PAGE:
‘If pyroclastic flows hit, there is no chance for life’: villagers warned to keep distance from erupting Philippines volcano Mayon
An explosion from the crater at nightfall on Tuesday was capped by one of the most massive lava displays since it started erupting more than a week ago
Lava flowing from the Philippines’ most active volcano has spread up to 3km (1.86 miles) from the crater in a dazzling but increasingly dangerous eruption.
Mount Mayon has spewed lava up to 600 metres (2,000 feet) high at times since Tuesday and its ash plumes stretched up to 5km above the crater. Lava flows in two gullies had advanced down the volcano’s slopes more than a kilometre and pyroclastic flows – superheated gas and volcanic debris – had reached 5km from the crater in one area, the Philippine Institute of Volcanology and Seismology said Wednesday morning.
An explosion from the crater on Tuesday night was capped by one of the most massive lava displays since Mayon started erupting more than a week ago. Authorities on Monday expanded the no-go zone to 8km from the crater and have warned a violent eruption may occur in hours or days, characterised by more rumblings and pyroclastic flows that will vaporise everything in their path.
At least 56,217 people were taking shelter in 46 evacuation camps Tuesday and army troops and police were helping others leave the danger zone.
Authorities, however, struggled to prevent villagers from sneaking back to check on their homes and farms and to watch a popular cockfight in Albay’s Santo Domingo town despite the risks and police patrols and checkpoints.
In a sign of desperation, Cedric Daep, a provincial disaster response official, told a news conference that he has recommended electricity and water supplies be cut within the no-go zones to discourage residents from returning.
“If pyroclastic flows hit people, there is no chance for life,” Daep said. “Let us not violate the natural law, avoid the prohibited zone, because if you violate, the punishment is the death penalty.”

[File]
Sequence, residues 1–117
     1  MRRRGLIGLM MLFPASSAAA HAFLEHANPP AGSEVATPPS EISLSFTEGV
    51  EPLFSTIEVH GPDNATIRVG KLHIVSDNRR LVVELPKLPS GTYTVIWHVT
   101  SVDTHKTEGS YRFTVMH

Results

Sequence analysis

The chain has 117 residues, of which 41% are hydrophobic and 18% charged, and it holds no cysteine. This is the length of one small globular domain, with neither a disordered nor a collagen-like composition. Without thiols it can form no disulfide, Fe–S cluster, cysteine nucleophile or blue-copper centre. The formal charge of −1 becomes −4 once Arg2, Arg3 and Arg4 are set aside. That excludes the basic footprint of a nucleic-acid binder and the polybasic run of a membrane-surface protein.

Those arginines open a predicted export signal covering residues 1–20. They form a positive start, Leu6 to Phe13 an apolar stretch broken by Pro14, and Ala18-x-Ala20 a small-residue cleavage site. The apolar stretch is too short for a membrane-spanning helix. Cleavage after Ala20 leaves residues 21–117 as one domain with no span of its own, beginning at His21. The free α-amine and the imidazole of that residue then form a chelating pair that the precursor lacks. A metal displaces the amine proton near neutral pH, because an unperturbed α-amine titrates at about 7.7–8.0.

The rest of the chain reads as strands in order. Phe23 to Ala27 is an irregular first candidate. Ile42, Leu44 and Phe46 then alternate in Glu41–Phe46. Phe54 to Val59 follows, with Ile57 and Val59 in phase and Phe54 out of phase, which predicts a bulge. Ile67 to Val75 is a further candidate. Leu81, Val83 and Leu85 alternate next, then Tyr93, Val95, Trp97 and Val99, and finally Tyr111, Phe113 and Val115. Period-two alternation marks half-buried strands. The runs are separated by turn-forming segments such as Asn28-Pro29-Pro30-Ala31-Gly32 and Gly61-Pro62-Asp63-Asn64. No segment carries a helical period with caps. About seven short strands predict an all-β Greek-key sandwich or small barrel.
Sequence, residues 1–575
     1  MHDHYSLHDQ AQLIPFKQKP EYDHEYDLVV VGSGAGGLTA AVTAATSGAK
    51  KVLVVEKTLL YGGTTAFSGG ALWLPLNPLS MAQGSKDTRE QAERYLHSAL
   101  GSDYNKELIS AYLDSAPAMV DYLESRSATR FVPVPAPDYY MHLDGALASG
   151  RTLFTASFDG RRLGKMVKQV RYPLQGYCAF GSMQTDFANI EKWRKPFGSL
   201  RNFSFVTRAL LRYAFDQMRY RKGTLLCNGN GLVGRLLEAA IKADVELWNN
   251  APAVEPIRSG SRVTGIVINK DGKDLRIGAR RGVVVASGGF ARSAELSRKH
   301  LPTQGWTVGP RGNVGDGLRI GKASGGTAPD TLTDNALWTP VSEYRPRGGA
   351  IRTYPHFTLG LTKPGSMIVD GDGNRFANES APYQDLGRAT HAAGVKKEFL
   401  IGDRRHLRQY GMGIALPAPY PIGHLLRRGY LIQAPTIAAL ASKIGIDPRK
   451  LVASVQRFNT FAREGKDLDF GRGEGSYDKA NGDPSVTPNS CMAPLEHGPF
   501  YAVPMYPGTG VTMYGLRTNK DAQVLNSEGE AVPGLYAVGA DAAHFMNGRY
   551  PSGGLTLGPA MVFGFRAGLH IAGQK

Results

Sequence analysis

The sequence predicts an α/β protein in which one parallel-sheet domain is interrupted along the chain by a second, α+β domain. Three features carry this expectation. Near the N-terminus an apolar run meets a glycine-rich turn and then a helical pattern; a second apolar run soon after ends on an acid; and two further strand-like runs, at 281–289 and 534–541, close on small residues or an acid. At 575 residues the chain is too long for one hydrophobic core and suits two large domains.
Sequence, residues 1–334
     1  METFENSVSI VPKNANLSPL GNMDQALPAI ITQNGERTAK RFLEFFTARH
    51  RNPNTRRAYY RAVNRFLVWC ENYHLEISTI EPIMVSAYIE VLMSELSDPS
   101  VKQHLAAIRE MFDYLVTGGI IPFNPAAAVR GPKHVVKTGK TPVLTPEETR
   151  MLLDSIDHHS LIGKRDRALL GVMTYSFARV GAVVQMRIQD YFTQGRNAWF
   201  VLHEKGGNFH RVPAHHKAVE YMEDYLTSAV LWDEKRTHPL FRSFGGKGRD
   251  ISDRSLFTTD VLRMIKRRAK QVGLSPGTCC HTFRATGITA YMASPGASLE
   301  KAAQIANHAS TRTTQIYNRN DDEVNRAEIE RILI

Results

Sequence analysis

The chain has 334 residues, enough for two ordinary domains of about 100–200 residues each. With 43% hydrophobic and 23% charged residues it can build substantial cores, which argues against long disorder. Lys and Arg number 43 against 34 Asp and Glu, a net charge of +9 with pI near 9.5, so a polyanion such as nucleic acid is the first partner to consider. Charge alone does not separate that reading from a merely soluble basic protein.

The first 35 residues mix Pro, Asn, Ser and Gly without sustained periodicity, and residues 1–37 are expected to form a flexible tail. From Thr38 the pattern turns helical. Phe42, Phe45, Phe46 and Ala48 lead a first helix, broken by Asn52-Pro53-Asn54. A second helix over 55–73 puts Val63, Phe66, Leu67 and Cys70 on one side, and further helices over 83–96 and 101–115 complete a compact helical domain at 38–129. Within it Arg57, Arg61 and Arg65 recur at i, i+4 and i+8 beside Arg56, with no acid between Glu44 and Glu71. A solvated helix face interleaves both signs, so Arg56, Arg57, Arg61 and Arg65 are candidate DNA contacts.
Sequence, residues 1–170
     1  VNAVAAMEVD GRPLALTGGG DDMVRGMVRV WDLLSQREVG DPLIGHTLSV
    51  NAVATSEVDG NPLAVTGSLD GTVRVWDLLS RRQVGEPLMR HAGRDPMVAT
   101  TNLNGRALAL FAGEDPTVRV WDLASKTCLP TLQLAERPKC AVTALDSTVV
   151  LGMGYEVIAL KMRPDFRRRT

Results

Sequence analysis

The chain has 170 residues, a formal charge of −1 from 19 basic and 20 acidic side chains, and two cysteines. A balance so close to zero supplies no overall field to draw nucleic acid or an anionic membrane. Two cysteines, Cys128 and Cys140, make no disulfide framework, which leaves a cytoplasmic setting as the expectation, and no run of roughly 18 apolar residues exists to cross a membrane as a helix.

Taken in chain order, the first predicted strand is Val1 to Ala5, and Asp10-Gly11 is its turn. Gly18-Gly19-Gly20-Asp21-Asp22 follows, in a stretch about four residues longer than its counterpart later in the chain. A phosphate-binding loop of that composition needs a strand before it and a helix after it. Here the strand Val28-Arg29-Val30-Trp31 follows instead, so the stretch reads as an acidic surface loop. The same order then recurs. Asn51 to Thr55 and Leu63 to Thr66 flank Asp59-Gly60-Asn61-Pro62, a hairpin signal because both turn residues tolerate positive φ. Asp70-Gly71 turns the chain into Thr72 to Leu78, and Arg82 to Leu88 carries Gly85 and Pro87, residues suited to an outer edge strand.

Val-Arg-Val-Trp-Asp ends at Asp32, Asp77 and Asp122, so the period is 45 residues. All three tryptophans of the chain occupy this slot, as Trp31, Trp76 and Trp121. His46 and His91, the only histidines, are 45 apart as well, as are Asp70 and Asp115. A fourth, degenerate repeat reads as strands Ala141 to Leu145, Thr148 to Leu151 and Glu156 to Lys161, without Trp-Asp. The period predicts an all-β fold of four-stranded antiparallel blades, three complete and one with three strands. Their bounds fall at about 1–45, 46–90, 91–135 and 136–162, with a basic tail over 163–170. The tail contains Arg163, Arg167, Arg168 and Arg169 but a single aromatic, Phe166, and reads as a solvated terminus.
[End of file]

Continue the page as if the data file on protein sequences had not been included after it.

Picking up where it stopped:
Volcanic ash has darkened the skies over nearby villages in coconut-growing Albay province, where Mayon lies.
More than 30,000 ash masks, along with food, water and medicine, have been sent to the region, but officials have warned that relief supplies may run out by mid-February if the eruption continues and new supplies don’t arrive in time.
Mayon has long been popular with climbers and tourists but has erupted about 50 times in the last 500 years, sometimes violently.
In 2013, an ash eruption killed five climbers who had ventured near the summit despite warnings. Its most destructive eruption, in 1814, killed more than 1,200 people and buried the town of Cagsawa in volcanic mud. The belfry of Cagsawa’s stone church still juts from the ground in an eerie reminder of Mayon’s fury.
The Philippines, which has about 22 active volcanoes, lies in the “Ring of Fire,” a line of seismic faults surrounding the Pacific Ocean where earthquakes and volcanic activity are common.
In 1991, Mount Pinatubo in the northern Philippines exploded in one of the biggest volcanic eruptions of the 20th century, killing about 800 people, covering entire towns and cities in ash and partly prompting the US government to abandon its vast air and naval bases on the main northern Luzon island.